Stratigraphy and paleoecology at the Wenlock/Ludlow boundary on Saaremaa Island, Estonia — An abstract submitted to the Geological Society of America for the 2011 annual meeting

July 7th, 2011

KURESSAARE, ESTONIA–Editor’s note: The Wooster Geologists in Estonia found enough material, and had enough time, to write abstracts for posters at the Geological Society of America Annual Meeting in Minneapolis this October. The following is from student guest blogger Nick Fedorchuk in the format required for GSA abstracts:

STRATIGRAPHY AND PALEOECOLOGY AT THE WENLOCK/LUDLOW BOUNDARY ON SAAREMAA ISLAND, ESTONIA

FEDORCHUK, Nicholas D., WILSON, Mark A., MATT, Rachel M., Dept of Geology, The College of Wooster, 944 College Mall, Wooster, OH 44691-2363, VINN, Olev, Dept of Geology, University of Tartu, Ravila 14A, 50411 Tartu, Estonia

The boundary between the Wenlock Series and the Ludlow Series can be easily observed on the island of Saaremaa in western Estonia. Here, the boundary is distinguished by a major disconformity that can be correlated to a regional regression described in several previous studies. During this time, western Saaremaa was a lagoonal facies that reflected sea-level changes within the Baltic Basin. We measured and described this Wenlock-Ludlow boundary interval at Soeginina Cliff on the western shore of Saaremaa. Here this boundary consists of the Vesiku Beds of the Rootsiküla Formation (Wenlock) overlain by the Soeginina Beds of the Paadla Formation (Ludlow). The Vesiku Beds (Wenlock) record a carbonate lagoonal environment with finely laminated beds and Thalassinoides burrows (indicating oxygenated bottom conditions). The fauna is much less diverse than that in normal marine sediments of the Wenlock. The top surface of these beds (the primary discontinuity surface) shows a microtopography and dissolution consistent with exposure and abrasion. The top 20 centimeters also show diagenetic alteration of the laminated sediments, probably from fluids traveling through the Thalassinoides burrow systems. The Soeginina Beds (Ludlow) show pulsating transgressive sediments with multiple discontinuity surfaces. Large oncoids are common in these beds. They have distinctive shapes because they were initially spherical and later stabilized and grew like small stromatolites upwards. These forms may indicate periodic energy reductions in these transgressive waters. There are also storm beds with biogenic debris including oncoids nucleated on gastropods. This boundary interval is topped by thin dolomites and stromatolites. This example of the Wenlock-Ludlow boundary can be correlated with other such disconformities recorded in a variety of depositional environments, such as in the equivalent reef complexes of Gotland, Sweden.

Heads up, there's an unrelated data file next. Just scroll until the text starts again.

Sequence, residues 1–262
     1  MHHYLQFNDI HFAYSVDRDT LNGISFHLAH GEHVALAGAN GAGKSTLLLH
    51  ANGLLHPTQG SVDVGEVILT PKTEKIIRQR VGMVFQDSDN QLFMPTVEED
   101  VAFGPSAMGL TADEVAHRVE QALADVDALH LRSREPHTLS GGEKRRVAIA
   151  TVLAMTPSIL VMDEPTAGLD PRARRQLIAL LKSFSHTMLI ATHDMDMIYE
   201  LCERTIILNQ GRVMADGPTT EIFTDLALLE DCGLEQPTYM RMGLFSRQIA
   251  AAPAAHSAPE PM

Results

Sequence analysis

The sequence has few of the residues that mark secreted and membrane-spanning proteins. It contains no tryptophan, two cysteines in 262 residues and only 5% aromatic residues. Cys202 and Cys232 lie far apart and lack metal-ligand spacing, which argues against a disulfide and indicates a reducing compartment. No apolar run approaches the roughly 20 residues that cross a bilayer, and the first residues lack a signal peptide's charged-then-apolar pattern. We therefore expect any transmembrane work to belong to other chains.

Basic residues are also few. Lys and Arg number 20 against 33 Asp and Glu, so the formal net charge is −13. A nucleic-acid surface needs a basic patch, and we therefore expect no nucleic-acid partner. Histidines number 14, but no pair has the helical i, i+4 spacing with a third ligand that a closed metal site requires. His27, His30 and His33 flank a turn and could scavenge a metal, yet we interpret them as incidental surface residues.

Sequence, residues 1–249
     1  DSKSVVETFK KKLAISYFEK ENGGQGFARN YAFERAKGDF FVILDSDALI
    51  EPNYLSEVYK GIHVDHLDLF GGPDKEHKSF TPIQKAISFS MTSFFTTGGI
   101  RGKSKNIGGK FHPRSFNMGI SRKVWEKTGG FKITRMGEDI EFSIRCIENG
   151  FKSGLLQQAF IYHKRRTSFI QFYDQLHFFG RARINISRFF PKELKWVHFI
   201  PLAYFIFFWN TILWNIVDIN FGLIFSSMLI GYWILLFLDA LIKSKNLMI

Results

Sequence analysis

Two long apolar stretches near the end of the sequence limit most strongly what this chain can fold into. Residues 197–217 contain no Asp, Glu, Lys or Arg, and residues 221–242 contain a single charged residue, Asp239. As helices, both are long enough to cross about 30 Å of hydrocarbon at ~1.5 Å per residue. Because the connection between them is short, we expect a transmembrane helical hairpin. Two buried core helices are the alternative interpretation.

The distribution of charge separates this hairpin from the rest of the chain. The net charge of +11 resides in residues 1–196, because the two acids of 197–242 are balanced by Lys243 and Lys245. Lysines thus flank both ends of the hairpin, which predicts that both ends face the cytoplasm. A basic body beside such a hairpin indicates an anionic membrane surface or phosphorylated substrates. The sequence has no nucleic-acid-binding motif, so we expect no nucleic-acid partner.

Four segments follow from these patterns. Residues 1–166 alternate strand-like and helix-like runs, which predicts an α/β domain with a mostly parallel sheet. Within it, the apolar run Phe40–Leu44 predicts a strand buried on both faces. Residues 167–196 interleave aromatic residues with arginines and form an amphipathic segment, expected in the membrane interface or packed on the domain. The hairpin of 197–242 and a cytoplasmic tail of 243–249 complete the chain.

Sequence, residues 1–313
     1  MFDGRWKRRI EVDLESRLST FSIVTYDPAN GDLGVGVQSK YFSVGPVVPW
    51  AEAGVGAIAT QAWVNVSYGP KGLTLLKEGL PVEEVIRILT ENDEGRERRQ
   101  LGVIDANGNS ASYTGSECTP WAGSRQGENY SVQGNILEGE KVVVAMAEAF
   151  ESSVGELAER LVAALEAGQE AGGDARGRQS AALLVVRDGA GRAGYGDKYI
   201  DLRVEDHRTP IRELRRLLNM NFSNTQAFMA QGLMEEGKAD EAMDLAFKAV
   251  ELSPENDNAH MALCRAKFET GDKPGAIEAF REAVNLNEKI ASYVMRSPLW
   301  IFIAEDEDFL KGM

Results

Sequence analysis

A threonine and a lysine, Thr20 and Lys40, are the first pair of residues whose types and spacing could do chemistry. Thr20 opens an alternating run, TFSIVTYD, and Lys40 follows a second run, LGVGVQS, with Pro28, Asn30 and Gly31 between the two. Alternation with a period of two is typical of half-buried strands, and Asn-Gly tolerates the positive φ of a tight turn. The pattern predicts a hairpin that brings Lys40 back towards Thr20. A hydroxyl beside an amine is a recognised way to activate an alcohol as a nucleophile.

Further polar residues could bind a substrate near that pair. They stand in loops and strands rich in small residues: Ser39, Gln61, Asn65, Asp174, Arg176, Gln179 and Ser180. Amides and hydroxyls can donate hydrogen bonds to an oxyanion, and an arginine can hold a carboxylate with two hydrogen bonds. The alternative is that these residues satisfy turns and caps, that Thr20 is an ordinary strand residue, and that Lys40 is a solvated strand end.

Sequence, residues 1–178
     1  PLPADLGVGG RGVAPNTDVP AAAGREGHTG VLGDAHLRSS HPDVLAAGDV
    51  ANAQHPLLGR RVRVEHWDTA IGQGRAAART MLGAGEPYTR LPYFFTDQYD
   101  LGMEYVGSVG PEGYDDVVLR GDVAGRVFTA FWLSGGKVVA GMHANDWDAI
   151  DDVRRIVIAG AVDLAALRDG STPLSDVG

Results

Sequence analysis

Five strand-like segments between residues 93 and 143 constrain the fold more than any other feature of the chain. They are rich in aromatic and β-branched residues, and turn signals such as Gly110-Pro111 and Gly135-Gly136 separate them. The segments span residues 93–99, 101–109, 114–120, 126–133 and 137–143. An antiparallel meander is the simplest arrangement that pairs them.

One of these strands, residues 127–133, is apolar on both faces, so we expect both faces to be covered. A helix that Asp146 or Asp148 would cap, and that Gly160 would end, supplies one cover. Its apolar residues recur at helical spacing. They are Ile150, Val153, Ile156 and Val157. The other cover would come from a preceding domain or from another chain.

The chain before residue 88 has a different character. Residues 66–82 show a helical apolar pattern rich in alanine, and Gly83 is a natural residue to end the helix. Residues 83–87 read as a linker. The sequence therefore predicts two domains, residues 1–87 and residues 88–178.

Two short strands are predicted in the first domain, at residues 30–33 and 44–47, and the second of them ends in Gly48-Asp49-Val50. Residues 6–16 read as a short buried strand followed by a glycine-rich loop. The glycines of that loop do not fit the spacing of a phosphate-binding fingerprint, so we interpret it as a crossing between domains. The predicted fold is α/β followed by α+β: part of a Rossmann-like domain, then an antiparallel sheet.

8 Responses to “Stratigraphy and paleoecology at the Wenlock/Ludlow boundary on Saaremaa Island, Estonia — An abstract submitted to the Geological Society of America for the 2011 annual meeting”

  1. Leann Doon 07 Jul 2011 at 6:47 pm

    I understood none of this! But yaaaay! Proud of you.

  2. Rosie Fedorchukon 07 Jul 2011 at 11:33 pm

    I would like to ditto Leann’s comment. I can’t wait to hear more about all the Wooster discoveries! Thanks for the daily blog updates…..I’ve really enjoyed them!

  3. Nick Fedorchukon 08 Jul 2011 at 1:27 am

    haha thanks guys

  4. [...] To our surprise, the Kaali Museum had a thorough display on the geology of Saaremaa, including this polished cross-section through Nick’s critical Wenlock/Ludlow section. [...]

  5. [...] found an excellent collection of eurypterids from the Rootsiküla Formation (Wenlock) in Estonia. He worked with these rocks in the field, but did not find any recognizable eurypterid fossils. Now [...]

  6. [...] America annual meeting. Above is Nick Fedorchuk who talked about his work in Estonia studying the Wenlock-Ludlow boundary on Saaremaa Island and its implication for Silurian stratigraphy and depositional environments in [...]

  7. [...] Thjis was exciting for me because these are the same beds Nick Fedorchuk worked on last year during his Independent Study. The Kübassaare Clff exposures, though, are many kilometers to the east and show extensive bedding [...]

  8. [...] those of Nick Fedorchuk (’12) who worked last year on the equivalent beds 70 km west during his Independent Study. There are some immediate clues to the general environment, such as the halite crystal mold [...]

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